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An estimated 50,000 hunters will be in the timber this spring pursuing the illusive wild turkey and while the woods will not be crawling with hunters, there is a chance for an occasional encounter.
Hunters should practice defensive hunting techniques. Hunters should make a loud statement like “hey – hunter over here,” if they see someone coming into the same area. One loud noise shouldn’t scare a bird too much because loud noises happen in the woods. However, don’t make motion or throw something to get the other hunters attention.
“Turkey hunters are looking for movement,” said Jim Coffey, forest wildlife species technician for the Iowa Department of Natural Resources. “Don’t wave your hand or make a movement because a movement could be misconstrued.
“If you walk in on someone they’re probably hearing the same bird you hear, just turn and walk away. Find a different ridge to enjoy the morning.”
The timber will change a lot from early April to middle May reducing the distance hunters can see so it will be important that hunters continuously check their distance for their zone of fire.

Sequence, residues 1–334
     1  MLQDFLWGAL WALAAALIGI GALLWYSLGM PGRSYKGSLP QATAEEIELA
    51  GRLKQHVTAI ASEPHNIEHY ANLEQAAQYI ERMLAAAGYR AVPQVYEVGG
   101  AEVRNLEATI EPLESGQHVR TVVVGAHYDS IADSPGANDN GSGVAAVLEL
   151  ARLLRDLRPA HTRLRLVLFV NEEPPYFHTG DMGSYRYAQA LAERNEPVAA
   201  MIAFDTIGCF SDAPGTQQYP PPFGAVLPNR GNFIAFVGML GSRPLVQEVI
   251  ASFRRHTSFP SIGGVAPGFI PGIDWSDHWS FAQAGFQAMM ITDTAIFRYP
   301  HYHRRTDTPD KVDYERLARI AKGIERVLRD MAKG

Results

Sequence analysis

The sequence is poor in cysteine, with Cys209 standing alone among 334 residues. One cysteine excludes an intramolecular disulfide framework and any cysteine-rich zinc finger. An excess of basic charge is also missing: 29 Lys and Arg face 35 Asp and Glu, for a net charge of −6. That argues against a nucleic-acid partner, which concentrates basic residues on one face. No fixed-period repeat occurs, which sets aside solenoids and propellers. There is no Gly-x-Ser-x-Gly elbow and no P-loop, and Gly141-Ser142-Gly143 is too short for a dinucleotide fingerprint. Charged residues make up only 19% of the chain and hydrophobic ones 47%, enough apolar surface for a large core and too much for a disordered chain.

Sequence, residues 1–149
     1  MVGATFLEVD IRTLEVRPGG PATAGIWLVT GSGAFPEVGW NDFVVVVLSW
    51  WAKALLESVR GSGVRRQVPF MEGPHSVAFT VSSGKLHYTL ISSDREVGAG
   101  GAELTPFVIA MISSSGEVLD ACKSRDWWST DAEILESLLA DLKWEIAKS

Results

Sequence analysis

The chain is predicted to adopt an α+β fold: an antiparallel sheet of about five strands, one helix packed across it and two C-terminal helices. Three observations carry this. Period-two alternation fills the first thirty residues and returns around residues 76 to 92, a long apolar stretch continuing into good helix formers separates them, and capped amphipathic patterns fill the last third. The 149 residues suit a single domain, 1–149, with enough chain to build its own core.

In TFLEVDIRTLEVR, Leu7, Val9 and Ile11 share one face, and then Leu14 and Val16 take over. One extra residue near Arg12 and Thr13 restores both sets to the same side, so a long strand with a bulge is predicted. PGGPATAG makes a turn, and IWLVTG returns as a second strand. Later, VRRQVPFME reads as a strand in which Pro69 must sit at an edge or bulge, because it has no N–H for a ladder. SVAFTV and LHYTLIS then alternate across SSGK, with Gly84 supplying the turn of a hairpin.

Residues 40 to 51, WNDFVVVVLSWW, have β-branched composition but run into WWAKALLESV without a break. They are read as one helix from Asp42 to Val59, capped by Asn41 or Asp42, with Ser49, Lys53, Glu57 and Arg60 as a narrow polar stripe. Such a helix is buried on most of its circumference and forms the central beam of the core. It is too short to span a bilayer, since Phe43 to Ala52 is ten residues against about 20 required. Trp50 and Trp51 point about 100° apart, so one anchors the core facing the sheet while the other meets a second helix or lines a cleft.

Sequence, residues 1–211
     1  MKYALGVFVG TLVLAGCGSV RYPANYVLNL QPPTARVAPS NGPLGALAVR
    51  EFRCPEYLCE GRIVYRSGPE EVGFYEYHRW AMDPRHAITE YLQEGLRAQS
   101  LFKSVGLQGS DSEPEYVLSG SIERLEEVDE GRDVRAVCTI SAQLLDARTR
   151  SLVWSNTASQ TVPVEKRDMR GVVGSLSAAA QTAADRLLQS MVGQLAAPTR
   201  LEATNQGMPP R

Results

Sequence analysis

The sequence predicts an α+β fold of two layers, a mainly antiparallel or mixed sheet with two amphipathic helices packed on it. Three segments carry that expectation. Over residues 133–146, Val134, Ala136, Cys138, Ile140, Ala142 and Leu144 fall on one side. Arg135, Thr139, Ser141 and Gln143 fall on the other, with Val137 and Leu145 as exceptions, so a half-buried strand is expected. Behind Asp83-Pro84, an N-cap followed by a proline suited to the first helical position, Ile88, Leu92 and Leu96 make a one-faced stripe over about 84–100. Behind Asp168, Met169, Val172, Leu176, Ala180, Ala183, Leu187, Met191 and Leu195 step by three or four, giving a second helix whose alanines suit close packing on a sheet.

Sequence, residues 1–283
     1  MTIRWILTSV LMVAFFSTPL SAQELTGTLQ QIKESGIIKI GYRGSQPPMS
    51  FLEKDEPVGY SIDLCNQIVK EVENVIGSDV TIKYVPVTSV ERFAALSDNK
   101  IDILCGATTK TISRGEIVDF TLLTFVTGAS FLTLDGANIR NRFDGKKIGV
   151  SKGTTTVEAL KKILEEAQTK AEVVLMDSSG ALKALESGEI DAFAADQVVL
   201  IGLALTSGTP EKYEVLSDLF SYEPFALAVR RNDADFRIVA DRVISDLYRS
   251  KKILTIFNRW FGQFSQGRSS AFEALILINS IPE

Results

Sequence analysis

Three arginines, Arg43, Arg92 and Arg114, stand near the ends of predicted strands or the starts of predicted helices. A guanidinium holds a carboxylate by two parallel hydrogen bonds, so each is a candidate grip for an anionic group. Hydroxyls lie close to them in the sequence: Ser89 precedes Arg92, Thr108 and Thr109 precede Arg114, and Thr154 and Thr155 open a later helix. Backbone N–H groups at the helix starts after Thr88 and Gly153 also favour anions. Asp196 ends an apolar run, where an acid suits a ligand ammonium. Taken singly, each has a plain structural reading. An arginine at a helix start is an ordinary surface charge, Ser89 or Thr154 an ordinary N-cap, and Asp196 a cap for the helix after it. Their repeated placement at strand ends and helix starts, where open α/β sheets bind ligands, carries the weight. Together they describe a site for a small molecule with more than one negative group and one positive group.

“You can’t call the bullet back once your pull the trigger so it’s important to know your target and what’s beyond before taking the shot,” Coffey said. He often recommends setting out distance stick for reference points. This allows hunters to know exactly how far away a bird is and if it’s within the weapons range.
Hunters should also respect other hunters.
“They are out there trying to do what you are going to do. The competition is between turkey and hunter – not hunter and hunter,” Coffey said.
One way to avoid walking in on other hunters is to go later in the morning.
“Rather than try to get out in the woods for the first gobble, go out a little later, like around 9 a.m., you may have the area all to yourself,” he said.